There are 3 primary types of waste collection vehicles:
Side loaders are loaded from the side, either manually, or with the assistance of a joystick-controlled robotic arm with a claw, used to automatically lift and tip wheeled bins into the truck’s hopper. Lift-equipped trucks are referred to as automated side loaders, or ASL’s. Similar to a front-end loader, the waste is compacted by an oscillating packer plate at the front of the loading hopper which forces the waste through an aperture into the main body and is therefore compacted towards the rear of the truck. An Automated Side Loader only needs one operator, where a traditional rear load garbage truck may require two or three people, and has the additional advantage of reducing on the job injuries due to repetitive heavy lifting. Due to these advantages, ASL’s have become more popular than traditional manual collection. Typically an Automated Side Loader uses standardized wheeled carts compatible with the truck’s automated lift.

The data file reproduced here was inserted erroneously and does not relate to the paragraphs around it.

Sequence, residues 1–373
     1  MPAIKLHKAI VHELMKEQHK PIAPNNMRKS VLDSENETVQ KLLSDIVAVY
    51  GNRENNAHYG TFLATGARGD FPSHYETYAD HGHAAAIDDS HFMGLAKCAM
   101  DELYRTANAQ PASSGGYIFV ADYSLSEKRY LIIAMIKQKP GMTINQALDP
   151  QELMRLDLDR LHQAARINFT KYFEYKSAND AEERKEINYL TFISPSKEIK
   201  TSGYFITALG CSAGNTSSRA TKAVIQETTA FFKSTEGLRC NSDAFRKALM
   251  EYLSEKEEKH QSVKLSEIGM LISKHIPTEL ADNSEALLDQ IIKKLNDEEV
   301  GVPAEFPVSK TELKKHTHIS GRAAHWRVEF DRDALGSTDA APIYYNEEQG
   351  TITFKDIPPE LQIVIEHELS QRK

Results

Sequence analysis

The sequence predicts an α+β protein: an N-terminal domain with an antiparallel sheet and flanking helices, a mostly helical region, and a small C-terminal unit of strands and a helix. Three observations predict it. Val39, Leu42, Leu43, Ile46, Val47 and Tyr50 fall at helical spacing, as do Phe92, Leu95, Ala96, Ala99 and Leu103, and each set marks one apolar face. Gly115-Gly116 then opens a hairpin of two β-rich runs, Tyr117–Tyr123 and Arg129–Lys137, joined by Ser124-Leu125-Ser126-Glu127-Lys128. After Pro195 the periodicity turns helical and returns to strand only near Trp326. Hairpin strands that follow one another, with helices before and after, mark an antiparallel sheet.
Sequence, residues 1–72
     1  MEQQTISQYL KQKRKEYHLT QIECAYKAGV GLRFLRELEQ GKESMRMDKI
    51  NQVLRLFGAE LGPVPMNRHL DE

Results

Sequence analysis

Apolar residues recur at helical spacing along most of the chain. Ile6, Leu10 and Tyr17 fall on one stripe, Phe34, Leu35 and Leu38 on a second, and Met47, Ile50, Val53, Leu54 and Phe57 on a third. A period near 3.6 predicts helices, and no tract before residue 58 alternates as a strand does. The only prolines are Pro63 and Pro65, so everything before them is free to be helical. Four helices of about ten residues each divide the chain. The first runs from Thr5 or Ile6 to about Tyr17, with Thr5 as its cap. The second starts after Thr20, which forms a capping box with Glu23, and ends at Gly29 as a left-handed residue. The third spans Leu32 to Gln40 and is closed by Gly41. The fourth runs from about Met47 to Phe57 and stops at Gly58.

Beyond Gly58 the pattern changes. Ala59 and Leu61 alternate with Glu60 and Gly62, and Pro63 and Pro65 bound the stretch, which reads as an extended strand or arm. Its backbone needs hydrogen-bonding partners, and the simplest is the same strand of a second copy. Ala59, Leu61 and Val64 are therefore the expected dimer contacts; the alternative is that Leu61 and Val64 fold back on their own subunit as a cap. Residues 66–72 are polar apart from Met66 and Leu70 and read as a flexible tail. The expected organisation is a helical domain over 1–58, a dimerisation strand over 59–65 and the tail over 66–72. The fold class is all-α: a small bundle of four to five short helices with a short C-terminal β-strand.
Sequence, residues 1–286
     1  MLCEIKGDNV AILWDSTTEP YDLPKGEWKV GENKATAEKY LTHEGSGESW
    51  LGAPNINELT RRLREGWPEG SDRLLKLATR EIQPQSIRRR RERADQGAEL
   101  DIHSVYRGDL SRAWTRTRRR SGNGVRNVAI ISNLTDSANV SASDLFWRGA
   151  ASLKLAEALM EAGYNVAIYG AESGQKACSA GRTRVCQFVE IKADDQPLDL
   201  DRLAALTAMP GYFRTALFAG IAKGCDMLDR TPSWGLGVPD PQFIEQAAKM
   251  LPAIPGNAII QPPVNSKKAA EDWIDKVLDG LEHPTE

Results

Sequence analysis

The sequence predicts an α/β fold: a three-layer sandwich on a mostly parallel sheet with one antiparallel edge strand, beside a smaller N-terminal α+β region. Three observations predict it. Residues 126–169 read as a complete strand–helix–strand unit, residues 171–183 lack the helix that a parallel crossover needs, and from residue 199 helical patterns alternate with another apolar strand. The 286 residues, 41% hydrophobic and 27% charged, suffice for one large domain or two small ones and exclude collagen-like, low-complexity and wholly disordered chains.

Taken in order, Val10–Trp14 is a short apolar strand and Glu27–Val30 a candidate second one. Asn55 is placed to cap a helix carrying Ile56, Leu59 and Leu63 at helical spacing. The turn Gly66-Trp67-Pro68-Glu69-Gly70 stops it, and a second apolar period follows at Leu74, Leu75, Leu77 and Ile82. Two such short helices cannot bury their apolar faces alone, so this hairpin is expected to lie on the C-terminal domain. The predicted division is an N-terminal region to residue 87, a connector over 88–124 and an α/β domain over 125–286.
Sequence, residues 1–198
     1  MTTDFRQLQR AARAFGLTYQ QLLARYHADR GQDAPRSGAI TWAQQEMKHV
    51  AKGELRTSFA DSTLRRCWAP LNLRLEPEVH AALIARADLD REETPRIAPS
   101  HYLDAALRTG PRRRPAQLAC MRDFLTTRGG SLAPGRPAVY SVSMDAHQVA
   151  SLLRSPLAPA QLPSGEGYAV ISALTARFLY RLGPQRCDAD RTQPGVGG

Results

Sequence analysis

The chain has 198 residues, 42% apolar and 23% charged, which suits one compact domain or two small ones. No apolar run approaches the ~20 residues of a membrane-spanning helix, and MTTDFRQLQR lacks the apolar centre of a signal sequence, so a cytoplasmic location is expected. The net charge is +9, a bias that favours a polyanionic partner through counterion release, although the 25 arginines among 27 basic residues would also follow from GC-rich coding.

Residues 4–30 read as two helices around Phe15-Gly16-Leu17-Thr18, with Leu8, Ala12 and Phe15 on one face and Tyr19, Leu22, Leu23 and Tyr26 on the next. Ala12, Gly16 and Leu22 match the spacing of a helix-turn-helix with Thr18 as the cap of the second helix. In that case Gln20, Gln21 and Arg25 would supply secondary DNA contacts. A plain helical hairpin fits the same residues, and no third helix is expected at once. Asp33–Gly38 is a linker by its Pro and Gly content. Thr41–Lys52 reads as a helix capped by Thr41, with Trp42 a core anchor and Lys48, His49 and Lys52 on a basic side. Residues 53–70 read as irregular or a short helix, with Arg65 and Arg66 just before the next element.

Source:Wikipedia Online Encyclopedia – Retrieved 10-22-2015 from: https://en.wikipedia.org/wiki/Garbage_truck#Side_loaders
[Automated garbage collection require that residents ([the public)] collaborate by lining up domestic garbage bins at the road side – on the correct day. Collaboration (sharing) is therefore a required community ethos.]
This is such a big deal that the term “heavy-lifting” would even be appropriate.